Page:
BORED-er Crossing

Off and on for the past several years, some faction of my family has made a trek to San Miguel de Allende, Mexico to celebrate the holiday season.  This year, my brother Don and I planned to start the new year right by spending the month of January across the border in our “home away from home.”   Eager to outrun the dropping mercury, we narrowly escaped the sleet storm that hit Dallas on Christmas day, only to take a two day delay due to a little matter of a lost passport.  I am not mentioning any names, but it wasn’t mine.  😉

Mom: “Can I make you a sandwich?”

At 84 years young, our Mom still packs the best “sack lunch” going.  Don with his ice chest full of cervezas and I with my bag of Target Malbec (throw away the box, and you’ve got a portable Boda bag!)  were settled in for a long night.

The bus was late getting out of Dallas, and the eternal traffic hell that is I-35 through Austin only slowed us down more.  It would be 11:00pm before we finally rolled up to the US border, feeling like the only bus in town.  Until, that is, we hit the bridge.   The buses were backed up all the way across the Rio Grande, waiting to clear Mexico customs.

A Texas Truck Stop, fer shore!

What does one do while sitting on a bus for twenty-four hours?   Well, lemme tell ya, it can get pretty boring, pretty fast!   Once the sun goes down, there is little in the way of entertainment outside of tail lights and truck stops.

If you speak Spanish (and are hard of hearing!!) there is usually a Mexican movie.  There is always sleeping of course, if you are good at alternating butt cheeks.  And there is the alphabet of ipoding, from the Allman Brothers to ZZ Top.

My, how time flies with CHOCOLATE!

Or you can eat….and eat…..and eat again!

“Are you gonna finish that whole bag??”

Two hours into our four hour border crossing, a Mexican man in a baseball cap (our own “coyote”…hehe!)  boarded the bus and made the announcement that we could all pay ten bucks a person to try to bribe the customs officials to let us through the border more quickly.  This potentially meant not  having to disembark, drag all the bags off the bus, trudge single file through the luggage x-ray machine, play “Red Light Roulette” with their random stop light selection process where we, the unlucky tourists, get a “deep dive” through our contraband of imported cheeses.   Don and I laughed about this possibly being the most stupid investment of ten bucks we had ever made, but everyone else seemed to be ponying up.  Besides, what’s ten bucks when you are crossing the border with a hundred bucks worth of gourmet food items for our “foodie friends” on the other side?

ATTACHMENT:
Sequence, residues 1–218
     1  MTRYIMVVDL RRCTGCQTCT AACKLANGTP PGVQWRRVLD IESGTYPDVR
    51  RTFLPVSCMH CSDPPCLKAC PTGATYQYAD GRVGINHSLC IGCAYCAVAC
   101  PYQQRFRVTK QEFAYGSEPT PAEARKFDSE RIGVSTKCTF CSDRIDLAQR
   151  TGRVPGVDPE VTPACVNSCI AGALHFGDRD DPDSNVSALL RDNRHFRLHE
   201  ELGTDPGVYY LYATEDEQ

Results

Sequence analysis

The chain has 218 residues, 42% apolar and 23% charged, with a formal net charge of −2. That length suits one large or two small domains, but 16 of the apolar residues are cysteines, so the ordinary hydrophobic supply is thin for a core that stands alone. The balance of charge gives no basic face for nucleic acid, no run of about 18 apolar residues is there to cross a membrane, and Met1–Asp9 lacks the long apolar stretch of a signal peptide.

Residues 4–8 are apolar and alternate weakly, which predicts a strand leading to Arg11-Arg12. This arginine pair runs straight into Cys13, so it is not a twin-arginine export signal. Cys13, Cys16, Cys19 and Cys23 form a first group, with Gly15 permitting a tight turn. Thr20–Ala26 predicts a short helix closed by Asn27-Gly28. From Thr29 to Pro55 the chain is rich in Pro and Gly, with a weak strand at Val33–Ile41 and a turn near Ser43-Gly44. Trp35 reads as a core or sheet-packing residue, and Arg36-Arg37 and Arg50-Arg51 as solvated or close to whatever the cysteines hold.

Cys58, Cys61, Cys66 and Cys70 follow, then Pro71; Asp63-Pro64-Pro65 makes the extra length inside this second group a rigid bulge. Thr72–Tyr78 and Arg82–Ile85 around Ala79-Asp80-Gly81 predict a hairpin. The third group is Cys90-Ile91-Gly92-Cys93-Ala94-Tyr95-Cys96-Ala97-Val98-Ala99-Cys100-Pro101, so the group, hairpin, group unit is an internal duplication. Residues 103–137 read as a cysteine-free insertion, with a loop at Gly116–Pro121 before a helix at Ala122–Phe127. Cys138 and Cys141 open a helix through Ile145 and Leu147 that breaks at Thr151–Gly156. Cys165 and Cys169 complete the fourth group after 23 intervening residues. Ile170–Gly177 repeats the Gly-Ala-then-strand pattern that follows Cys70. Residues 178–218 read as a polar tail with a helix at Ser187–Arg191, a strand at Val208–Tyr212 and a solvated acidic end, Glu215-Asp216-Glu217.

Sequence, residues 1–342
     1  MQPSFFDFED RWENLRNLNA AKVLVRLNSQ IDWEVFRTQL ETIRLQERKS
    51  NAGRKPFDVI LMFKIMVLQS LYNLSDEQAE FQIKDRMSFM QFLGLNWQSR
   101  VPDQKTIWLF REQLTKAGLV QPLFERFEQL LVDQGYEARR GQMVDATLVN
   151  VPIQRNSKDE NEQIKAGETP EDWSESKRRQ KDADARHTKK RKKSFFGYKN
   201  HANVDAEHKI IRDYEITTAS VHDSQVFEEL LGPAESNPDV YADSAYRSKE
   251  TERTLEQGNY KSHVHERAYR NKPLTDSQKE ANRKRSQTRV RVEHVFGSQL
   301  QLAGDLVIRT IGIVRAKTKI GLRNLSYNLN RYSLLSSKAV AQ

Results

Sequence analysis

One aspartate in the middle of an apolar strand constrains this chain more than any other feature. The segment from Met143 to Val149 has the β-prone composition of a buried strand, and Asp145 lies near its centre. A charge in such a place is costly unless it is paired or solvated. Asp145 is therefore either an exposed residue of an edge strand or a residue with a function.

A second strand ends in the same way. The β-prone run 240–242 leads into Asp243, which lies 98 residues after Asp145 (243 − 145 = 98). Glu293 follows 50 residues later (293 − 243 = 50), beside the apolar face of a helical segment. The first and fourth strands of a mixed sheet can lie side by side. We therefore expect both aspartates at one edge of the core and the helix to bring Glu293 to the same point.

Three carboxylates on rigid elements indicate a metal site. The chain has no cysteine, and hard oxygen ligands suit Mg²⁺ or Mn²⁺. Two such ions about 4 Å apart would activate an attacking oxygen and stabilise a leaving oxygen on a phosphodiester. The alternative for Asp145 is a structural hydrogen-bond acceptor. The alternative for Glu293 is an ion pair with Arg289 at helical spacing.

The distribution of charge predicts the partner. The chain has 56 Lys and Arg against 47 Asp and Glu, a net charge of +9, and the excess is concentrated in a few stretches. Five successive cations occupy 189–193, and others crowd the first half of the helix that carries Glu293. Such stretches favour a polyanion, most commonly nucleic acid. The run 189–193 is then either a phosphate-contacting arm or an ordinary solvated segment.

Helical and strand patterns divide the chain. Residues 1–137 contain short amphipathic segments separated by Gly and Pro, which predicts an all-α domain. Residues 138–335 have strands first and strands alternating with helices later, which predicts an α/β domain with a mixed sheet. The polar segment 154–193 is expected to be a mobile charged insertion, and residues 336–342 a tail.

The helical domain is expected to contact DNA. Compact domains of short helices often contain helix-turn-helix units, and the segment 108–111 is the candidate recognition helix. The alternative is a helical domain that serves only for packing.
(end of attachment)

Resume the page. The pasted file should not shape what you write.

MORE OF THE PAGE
Two hours and two bus lengths across the Rio Grande

Finally, as the fourth hour rolled around, it was our turn in the inspection bay.   They pulled a couple of people off the bus….one guy who was importing rice, and a couple of others for reasons we could not translate. But we soon heard the “woosh” of the closing bus door as we let out a simultaneous sigh of relief.   We were rolling out of the inspection bay without having to unload the entire bus!   It may have been our stack of ten dollar bills as a bribe.  It may have been the fact that Laredo was experiencing an unseasonable cold snap, and all the border guards were bundled up in hoods, hats, gloves, and mufflers, and didn’t want to come out of their cozy kiosk.  After twenty-four hours of bus-induced coma, it really didn’t really matter — we were just happy to be rolling again…

USA in our rear view mirror…

(All photos courtesy of mi hermano, Don Anthony)

2 thoughts on “BORED-er Crossing

  1. Well … just wow… I can’t believe they still do the bribe stuff. sigh

    I soooo envy you your relationship with your family. That is good stuff.

    a butt wrenching story … Hahaa

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